The guy indicated that he cannot find where the Electron itself is “end unit certified”, only the u-blox module and that both AT&T and T-Mobile require the end unit to be certified.

Any help/guidance on this? I realize this is a bit weird as I’m looking for better pricing than Particle’s Telefonica, but with our data needs, I really do need better pricing.

@will, To maintain the PTCRB and FCC Electron certifications, can another antenna be used such as the one below? I’ve seen that equal of less gain antenna can be used for FCC but I’m not sure about the PTCRB certification.

Also when comparing antenna gain is it the Max Gain that would be compared for a particular frequency range for all or just the ones that will be used?

Also does the antenna types need to be the same? Penta vs Quad etc?

Thanks,

http://www.digikey.com/product-detail/en/pulse-electronics-corporation/W3538B0150/553-2585-ND/2649124

Hey there @ctmorrison – sorry for the delay in the response. I wasn’t notified that a new post had been added to the thread or I would have replied sooner.

The Electron is in the final stages of PTCRB certification for End Product certification and is pending assignment of certification identifiers by the PTCRB committee. AT&T and T-Mobile require end devices to be certified for carrier certifications if the product leverages direct pricing with the network. That certification is not required via Telefonica because the devices are roaming on the network, so a single Telefonica carrier certification is sufficient for support via Particle’s MVNO and SIM.

Have you inquired with our sales team for volume pricing? We are cost competitive with the cheapest options available at volume for product creators, especially given the significant certification costs you save when working with our hardware and MVNO.

Hey @wesner0019 – it all comes down to the gain of the antenna.

The gain cannot exceed the gain of the antenna that was used in certification. For the Electron, that is the PC104.07.165C from Taoglas, here:

It looks like the gains of the antenna you posted are higher than the antenna that was used for certification, so compliance testing would be required.

@will, some what, when comparing the antennas gains it’s difficult to determine what would work, for example the below antenna spec sheet lists it gain at a peak of -2dbi. But the Electron antenna lists gain for all bands, would we be comparing the Electrons highest gain and doesn’t matter what the band its coming from?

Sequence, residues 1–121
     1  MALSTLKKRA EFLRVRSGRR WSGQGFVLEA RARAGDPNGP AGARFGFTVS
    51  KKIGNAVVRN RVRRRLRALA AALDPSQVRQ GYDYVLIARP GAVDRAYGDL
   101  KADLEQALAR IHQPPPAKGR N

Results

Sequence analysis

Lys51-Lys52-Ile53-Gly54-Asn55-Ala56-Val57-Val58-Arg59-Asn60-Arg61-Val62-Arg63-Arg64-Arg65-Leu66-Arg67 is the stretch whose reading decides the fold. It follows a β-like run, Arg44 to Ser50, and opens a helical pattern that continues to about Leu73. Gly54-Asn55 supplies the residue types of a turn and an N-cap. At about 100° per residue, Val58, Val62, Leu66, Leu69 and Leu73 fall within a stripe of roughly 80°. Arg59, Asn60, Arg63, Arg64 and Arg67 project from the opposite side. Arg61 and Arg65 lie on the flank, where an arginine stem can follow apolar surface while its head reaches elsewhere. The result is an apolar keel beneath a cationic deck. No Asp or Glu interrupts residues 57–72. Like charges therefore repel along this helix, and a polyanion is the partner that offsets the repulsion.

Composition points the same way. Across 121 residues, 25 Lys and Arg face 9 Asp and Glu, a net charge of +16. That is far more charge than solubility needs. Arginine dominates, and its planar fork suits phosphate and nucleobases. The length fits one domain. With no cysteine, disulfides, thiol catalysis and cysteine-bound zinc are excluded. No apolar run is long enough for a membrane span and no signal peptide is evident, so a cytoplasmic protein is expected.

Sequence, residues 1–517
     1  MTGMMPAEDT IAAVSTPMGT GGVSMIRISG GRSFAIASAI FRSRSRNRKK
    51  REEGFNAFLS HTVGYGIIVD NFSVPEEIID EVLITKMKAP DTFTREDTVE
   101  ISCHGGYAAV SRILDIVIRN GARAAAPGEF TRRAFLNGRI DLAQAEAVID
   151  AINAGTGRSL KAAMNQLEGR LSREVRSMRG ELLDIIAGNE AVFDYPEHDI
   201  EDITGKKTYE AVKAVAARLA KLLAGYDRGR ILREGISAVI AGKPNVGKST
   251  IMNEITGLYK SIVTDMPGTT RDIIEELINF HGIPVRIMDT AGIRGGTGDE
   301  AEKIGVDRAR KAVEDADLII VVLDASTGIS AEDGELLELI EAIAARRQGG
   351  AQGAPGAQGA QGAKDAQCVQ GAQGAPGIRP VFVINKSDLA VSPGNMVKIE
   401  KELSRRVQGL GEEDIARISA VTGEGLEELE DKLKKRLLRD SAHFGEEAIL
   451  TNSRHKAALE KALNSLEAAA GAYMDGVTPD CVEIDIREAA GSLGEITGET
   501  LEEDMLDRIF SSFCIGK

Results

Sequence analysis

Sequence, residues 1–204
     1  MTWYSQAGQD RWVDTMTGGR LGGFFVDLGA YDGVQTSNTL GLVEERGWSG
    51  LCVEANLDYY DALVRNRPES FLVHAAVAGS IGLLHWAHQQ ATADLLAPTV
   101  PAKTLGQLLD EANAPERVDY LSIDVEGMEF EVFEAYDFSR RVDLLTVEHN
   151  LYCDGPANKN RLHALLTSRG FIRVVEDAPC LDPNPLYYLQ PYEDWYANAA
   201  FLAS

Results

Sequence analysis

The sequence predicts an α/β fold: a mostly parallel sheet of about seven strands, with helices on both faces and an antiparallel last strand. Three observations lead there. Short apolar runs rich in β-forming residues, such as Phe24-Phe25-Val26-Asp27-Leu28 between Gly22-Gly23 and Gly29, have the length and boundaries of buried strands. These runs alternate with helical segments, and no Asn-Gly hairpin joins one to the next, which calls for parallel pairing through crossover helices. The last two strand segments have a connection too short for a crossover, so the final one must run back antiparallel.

Also the Peak gain for the electron antenna is listed as 2.13dbi for the 1900 GSM band, in other data sheets I see negative values listed as the Peak gain. How do you compare a positive dbi to a negative dbi?

Sorry for
all the questions, but just want to make sure I can find a conforming antenna to use.

data sheet:

You would need to ensure your antenna’s peak gain, in every band, is less than or equal to the Taoglas antenna’s peak gain, in every band. This ensures that the combination of module + your antenna will never emit more than the tested antenna did during tests.

-2dBi is 4dB less than +2dBi. Compare as you would any number.

Average gain is the average gain in 360 degrees of both polarizations. Peak is just the best case, which will be highly directional.

dBi is a comparison to a hypothetical perfect antenna with no gain (or loss) uniformly in all directions. These antennas are available at the same place where you can get frictionless slopes and infinitely thin wire.

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btw, that datasheet you link to is kinda useless. It says “GSM” as the frequency band, but that traditionally refers to 900MHz. The antenna itself is definitely dual band (you can see two elements).

The gain is badly specified and not followed up with any test results - the rest of the datasheet is more about RoHS compliance, with only a brief screenshot of return loss.

I’d generally run away from anything that badly specified. There are plenty of antenna vendors who are a bit more generous with their test results.

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@hfiennes, great explanation this helps a lot. Thanks!